Congacycle is a combination of the words “conga” and “bicycle”.    The image of this combination came to me one day while teaching conga technique to a group of teens and watching one of my students arrive on his bicycle.  It occurred to me that drumming is an exhilerating experience also, not unlike riding a bike.  Bicycle riding is  a fast, fun way to get around, see new places and learn about the world.  I have learned a lot about other people in far away places through my studies of drumming.  Many of the rhythms I know have a special significance.  By learning and performing these pieces, I increase my understanding of how others live and how different people perceive the world we share.   

    This piece is built around a rhythm from Haiti called Congo.  Celebrants of Vodoun, an African based spiritual tradition,  use a variety of specific rhythms, dances and songs in ceremony.  (For more about this type of music, check out my other CD,  “The Power Within”.  This is a collection of interpretations of ritual music from Haiti and Cuba which I recorded with Ancient Youth, a group of some of my best teen age students.)  For Congacycle I’m using the rhythm purely for its musical merits and no spiritual significance is attached.  There are three seperate parts played on congas.  The low conga, called Mamán,  is played with one hand and one stick. You can hear the stick snapping on the head or cracking on the side of the conga.  The middle drum, the secónde, produces a half-step rise in pitch as the drummers finger slides acrooss the head.  This technique is  called cié.  The bula, the highest and smallest drum, plays steady eighth notes which push the rhythm along.

    This Old Pan refers to an old, beat up steel drum I carry around with me and use in my classes.  Thousands of children have played this drum over the years, and I believe it has absorbed some of the joy they experienced.  The fictional character of  the old man playing his drum here and there is representational of the  drum itself, which gives the gift of music to anyone who chooses to play it.  The instrument, at this point, refuses to stay in tune, and some of the notes are out.  It really does “say bing when it should say bong”, but somehow manages to get away with it.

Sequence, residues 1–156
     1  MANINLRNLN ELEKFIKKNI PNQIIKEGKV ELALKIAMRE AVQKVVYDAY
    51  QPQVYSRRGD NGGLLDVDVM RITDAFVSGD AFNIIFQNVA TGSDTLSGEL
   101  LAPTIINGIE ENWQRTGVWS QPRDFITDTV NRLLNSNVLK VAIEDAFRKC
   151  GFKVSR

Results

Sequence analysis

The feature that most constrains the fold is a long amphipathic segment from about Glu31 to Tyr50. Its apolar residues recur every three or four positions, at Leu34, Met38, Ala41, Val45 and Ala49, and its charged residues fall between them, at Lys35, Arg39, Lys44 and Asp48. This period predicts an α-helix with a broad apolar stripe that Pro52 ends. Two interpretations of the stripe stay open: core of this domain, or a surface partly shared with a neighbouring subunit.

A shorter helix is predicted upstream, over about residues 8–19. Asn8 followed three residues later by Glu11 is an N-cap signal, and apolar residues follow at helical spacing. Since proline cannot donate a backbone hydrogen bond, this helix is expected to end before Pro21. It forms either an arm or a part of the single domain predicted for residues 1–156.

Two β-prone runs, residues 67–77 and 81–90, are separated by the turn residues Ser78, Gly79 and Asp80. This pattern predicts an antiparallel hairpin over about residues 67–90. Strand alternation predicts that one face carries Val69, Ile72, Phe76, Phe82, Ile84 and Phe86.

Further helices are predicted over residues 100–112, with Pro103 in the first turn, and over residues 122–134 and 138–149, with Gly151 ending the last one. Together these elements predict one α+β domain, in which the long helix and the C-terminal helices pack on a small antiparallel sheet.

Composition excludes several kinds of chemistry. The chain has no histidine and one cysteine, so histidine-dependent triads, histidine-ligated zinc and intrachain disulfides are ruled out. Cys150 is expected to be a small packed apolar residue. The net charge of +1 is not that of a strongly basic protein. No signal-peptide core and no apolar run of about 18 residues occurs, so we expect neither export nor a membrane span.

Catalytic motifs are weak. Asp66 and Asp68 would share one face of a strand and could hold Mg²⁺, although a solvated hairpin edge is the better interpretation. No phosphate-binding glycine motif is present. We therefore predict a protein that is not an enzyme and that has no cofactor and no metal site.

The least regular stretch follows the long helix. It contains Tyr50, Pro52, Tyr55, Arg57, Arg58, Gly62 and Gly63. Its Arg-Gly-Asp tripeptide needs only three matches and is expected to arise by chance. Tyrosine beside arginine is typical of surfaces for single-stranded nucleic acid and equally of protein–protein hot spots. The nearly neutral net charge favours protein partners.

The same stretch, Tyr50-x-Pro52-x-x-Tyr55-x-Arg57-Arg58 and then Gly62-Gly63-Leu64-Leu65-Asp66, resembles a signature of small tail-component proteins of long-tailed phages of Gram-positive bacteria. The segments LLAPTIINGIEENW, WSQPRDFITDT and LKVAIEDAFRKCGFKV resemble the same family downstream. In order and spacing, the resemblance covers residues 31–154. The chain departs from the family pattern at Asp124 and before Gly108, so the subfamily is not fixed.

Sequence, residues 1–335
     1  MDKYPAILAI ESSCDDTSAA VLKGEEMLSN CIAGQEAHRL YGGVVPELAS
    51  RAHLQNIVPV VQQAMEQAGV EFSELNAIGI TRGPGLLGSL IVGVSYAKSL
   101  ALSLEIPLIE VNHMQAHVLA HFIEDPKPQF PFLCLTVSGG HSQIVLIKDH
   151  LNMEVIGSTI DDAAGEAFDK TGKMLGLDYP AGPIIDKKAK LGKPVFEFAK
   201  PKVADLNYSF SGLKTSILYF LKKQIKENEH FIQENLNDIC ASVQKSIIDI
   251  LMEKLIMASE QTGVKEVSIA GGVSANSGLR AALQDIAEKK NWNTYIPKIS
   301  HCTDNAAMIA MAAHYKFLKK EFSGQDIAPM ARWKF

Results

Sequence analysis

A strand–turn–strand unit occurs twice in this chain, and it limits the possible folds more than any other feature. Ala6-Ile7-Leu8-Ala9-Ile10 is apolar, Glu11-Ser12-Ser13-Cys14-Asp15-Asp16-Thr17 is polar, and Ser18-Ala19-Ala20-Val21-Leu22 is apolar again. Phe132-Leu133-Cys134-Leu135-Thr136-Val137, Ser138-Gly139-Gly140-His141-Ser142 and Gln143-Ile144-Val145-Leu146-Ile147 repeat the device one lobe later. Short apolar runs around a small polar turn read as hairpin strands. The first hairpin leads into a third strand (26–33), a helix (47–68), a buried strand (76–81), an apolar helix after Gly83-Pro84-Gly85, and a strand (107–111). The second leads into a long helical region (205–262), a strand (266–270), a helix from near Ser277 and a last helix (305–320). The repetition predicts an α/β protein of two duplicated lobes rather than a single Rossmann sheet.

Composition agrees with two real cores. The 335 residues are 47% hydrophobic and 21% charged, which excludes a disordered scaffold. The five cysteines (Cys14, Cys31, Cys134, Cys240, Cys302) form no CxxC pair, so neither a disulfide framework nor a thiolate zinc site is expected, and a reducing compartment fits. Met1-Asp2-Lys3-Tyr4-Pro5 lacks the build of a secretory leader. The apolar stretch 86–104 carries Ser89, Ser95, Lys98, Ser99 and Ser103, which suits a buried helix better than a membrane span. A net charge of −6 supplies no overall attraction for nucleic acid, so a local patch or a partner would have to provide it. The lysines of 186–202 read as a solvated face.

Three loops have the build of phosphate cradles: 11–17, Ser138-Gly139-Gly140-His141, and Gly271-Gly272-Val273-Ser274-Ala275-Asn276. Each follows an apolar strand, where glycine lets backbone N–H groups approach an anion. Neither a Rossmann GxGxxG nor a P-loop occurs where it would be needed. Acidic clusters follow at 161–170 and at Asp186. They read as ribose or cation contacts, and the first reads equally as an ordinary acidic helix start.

This piece is in the vein of an an older style of calypso.   This pan only has notes enough to play in one key in this register.  (I think it’s supposed to be F.)  Steel Drums were sometimes made this way so a band could march in parades and the pan players would need to carry  only  one drum.  

    Dinosaur Rumba is built around a rhythm called Guaguanco (wa-wan-kó)  one of the three styles of rumba which developed in Cuba. (The others are Colúmbia and Yambú.)  Guguanco is easily recognized by the simple melody produced by the three voices of congas.  The lead drum is called Quinto.  It is tuned higher than the other two and plays an improvisiational part which kind of dances through the tapestry of the rhythm.  

    My son and I often go to one of our local libraries which has a collection of small plastic dinosaurs in the children’s area.  For a certain period of time, this was the main attraction for us.  We would have adventures with them and read with them on the pillows in the corner.  Other dinosaurs will often appear with us, through the excellent medium of our imaginations, in all kinds of places.  It wasn’t long before we had our own collection of plastic pre-historic creatures.  They live by the bathtub and seem to prefer playing in the water, and they are very clean reptiles, indeed!